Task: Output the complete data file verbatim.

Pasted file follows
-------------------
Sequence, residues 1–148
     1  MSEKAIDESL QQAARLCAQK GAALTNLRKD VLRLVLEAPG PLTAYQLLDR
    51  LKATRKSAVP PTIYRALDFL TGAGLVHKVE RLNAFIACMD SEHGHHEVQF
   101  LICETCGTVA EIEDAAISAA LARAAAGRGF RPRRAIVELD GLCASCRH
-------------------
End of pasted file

Sequence, residues 1–148
     1  MSEKAIDESL QQAARLCAQK GAALTNLRKD VLRLVLEAPG PLTAYQLLDR
    51  LKATRKSAVP PTIYRALDFL TGAGLVHKVE RLNAFIACMD SEHGHHEVQF
   101  LICETCGTVA EIEDAAISAA LARAAAGRGF RPRRAIVELD GLCASCRH